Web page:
When Jones II is in the game, he’s always a threat to take it the distance with his burst through the line, his ability to cut on a dime and his raw speed. That also makes him a weapon that the other team has to key in on. The Trojans averaged 5.5 yards per play, but for the 24 plays that Jones II was in the game, that number sprouted up to 6.7 yards per play.

Man down, next man up

Justin Davis scored the first points of the game on a sweep to the left side, but it cost the Trojans a big price. On the play, Toa Lobendahn got pushed by a defender behind the play and landed awkwardly. Though he didn’t know it at the time, and played the entire next series, Lobendahn tore his anterior cruciate ligament in his left knee. On the final play of the next offensive series, Lobendahn was trying to hold his ground as he was being bull rushed by a defensive tackle and he just crumpled to the ground as his knee couldn’t support him.

“It’s hard. It’s hard losing a great guy like Toa out there. Smart kid and a versatile player,” fellow offensive lineman Damien Mama said. “It’s definitely a loss and something we’ve got to bounce back from. My prayers go to him.”

With Lobendahn — USC’s second center to have a season-ending injury this year — out, the Trojans turned to Khaliel Rodgers. A redshirt sophomore Rodgers started three games last season at guard, but this was his first time making all the calls on the line in a high-pressure situation against a top five team. How did Rodgers perform?

“Unbelievable. Unbelievable in a difficult situation,” Zach Banner said. “Two centers back-to-back. It sucks. Max is my best friend. Toa is a great guy. It sucks as an offensive line to see your guys go down, but you have to step up.

“This is what the depth we were talking about in the offseason with our twos can start at any other school. Look, that’s our third-string center at the beginning of the year. Well second-string, but Toa was a little bit more comfortable, so you can say Khaliel was a third stringer. He stepped the hell up.”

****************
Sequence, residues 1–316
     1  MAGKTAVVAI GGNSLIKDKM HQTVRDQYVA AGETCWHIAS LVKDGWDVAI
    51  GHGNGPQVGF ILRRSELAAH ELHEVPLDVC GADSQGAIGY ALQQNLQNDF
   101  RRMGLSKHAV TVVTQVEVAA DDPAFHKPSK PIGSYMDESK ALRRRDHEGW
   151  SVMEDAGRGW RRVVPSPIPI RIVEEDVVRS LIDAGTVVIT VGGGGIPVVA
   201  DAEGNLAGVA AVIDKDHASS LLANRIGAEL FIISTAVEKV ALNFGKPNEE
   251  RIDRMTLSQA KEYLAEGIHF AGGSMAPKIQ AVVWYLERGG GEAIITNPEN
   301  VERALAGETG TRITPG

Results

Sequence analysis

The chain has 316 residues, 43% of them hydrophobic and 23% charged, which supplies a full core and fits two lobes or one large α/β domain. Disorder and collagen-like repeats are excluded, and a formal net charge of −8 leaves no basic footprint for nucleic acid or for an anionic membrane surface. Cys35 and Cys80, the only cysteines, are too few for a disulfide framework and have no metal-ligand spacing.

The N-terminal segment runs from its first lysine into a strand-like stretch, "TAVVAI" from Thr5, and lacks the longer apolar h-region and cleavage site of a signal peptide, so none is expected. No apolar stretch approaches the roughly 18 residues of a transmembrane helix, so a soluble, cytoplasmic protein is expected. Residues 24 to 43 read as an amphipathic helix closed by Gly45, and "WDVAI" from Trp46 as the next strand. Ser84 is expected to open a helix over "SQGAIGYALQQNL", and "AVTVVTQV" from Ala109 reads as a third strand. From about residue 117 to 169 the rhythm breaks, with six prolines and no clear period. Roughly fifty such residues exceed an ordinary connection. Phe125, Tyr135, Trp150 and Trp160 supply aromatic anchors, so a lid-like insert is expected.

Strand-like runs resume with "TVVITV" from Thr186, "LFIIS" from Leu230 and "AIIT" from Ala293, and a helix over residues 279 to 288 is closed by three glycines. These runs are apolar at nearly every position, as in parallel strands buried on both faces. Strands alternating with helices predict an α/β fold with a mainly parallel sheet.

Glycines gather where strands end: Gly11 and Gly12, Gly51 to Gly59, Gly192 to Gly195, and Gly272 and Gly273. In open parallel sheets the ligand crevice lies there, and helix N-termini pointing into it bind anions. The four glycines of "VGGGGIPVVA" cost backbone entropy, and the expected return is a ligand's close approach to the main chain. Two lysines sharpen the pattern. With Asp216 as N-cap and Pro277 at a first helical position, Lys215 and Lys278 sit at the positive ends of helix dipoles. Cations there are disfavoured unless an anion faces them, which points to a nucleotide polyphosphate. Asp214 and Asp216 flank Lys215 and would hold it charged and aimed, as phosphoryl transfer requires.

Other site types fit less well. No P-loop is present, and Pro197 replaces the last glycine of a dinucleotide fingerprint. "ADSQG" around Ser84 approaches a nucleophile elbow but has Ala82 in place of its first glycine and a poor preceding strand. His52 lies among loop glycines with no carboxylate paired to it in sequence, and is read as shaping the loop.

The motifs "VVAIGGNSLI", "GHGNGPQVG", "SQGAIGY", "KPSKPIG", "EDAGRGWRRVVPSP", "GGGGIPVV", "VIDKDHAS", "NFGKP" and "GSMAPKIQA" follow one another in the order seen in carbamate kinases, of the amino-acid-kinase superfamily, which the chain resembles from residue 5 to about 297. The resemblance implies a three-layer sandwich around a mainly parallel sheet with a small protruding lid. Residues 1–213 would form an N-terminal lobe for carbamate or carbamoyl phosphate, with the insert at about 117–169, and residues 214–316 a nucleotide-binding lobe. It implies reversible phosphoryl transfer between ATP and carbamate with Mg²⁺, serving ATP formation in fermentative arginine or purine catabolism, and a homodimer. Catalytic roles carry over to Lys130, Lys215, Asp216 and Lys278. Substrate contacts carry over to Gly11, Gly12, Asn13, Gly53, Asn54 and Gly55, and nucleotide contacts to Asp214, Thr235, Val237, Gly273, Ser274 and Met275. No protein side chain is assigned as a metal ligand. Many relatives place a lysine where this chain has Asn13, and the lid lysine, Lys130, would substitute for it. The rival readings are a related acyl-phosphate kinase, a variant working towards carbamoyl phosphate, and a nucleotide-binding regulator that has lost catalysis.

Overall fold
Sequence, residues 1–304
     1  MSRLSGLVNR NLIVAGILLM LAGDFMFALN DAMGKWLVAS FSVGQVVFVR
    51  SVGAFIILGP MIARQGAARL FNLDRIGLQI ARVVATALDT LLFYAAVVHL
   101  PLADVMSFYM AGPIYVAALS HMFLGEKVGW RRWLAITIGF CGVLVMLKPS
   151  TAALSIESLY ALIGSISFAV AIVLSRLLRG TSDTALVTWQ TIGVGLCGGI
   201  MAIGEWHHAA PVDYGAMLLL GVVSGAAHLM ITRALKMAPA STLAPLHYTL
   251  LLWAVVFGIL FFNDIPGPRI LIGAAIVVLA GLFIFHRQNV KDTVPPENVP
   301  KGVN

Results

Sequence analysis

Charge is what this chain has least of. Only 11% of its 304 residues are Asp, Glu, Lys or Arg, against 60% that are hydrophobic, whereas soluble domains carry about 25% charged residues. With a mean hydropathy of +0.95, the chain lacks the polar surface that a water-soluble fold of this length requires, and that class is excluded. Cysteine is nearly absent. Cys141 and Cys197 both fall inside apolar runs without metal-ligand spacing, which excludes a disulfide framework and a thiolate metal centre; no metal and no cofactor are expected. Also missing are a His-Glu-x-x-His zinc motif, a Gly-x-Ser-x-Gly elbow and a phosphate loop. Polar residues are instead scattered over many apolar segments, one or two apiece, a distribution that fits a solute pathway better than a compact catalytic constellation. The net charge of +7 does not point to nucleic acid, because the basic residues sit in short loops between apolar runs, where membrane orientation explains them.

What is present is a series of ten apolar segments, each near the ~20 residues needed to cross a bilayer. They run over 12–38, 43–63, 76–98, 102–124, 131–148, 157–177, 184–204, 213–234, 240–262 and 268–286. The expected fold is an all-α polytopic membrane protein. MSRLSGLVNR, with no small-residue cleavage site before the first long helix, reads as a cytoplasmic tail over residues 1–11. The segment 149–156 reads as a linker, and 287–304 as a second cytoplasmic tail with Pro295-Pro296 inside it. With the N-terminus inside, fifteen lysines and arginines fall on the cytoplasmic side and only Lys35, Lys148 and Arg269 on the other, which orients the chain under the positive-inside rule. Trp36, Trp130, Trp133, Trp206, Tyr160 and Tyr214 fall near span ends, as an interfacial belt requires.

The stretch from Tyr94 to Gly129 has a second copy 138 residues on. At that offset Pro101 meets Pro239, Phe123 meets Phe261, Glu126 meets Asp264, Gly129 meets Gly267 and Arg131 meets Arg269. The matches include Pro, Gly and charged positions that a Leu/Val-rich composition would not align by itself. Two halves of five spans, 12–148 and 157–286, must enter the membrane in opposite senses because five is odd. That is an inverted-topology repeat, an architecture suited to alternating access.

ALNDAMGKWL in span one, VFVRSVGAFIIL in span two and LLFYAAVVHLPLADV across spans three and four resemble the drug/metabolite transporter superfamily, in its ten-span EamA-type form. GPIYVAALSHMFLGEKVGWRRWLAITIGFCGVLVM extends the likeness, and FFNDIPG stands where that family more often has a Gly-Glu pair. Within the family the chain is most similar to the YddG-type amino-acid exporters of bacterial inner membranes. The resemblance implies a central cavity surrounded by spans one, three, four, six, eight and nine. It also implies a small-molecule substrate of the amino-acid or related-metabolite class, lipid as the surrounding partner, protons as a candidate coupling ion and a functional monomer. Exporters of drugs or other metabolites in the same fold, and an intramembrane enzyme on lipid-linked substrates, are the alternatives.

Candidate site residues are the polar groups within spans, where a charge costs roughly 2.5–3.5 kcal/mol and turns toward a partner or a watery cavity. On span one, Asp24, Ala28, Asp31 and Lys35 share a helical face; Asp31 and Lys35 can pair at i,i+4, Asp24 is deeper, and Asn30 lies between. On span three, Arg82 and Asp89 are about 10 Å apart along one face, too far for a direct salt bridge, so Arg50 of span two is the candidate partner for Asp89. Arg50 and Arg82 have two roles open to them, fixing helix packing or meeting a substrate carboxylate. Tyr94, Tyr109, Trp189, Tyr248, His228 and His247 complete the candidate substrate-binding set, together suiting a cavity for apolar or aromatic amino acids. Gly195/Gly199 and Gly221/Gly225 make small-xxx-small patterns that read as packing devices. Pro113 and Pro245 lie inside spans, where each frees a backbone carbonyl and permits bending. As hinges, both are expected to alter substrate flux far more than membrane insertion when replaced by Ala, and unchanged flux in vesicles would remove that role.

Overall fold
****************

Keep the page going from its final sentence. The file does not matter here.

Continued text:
The Trojans also were without Mama in the fourth quarter. He got rolled up on and with a comfortable lead, the coaching staff chose to give him a rest. Chris Brown stepped in admirably during a time when USC was tried to grind away the clock with the run game. Brown produced the Trojans’ top yards per play average at 6.9 ypp.

Iron Man award

There were four offensive players that played all 74 snaps and two defenders (Su’a Cravens, Chris Hawkins) that participated in all 64 defensive plays. But this week’s Iron Man award goes to Zach Banner. Along with Cody Kessler, Viane Talamaivao and Chuma Edoga, Banner played 74 offensive snaps, but he takes the award for most plays thanks to his 12 snaps on special teams. That is one fewer than Damien Mama had last week against Notre Dame when he produced the highest total for an offensive lineman this season.

True fullback dive

Soma Vainuku has seen his offensive reps receive an uptick in recent weeks. After having just five offensive plays, including one kneel down, in the Stanford and Arizona State games, Vainuku has played 17 snaps the last three weeks with eight coming against Utah. USC mixed in the heavy pistol formation with both Vainuku and fellow fullback Jahleel Pinner to each side of Cody Kessler and a running back deep.

But they also went with some straight I-formation looks, including Vainuku getting the ball on fourth-and-goal from the 1-yard line and leaping over the pile to score a touchdown. A former running back, Vainuku said he saw that there wasn’t much of a hole, so he chose to go with the Walter Payton dive over the pile. He was hit in the air, but got just enough distance to get over the goal line for a score.

While his offensive role increased, there was no dip in his special teams reps. He was still the most used special teams player, participating in 22 of the 32 snaps. Vainuku is used on all special teams except point after attempts, extra point defenses and field goal attempts.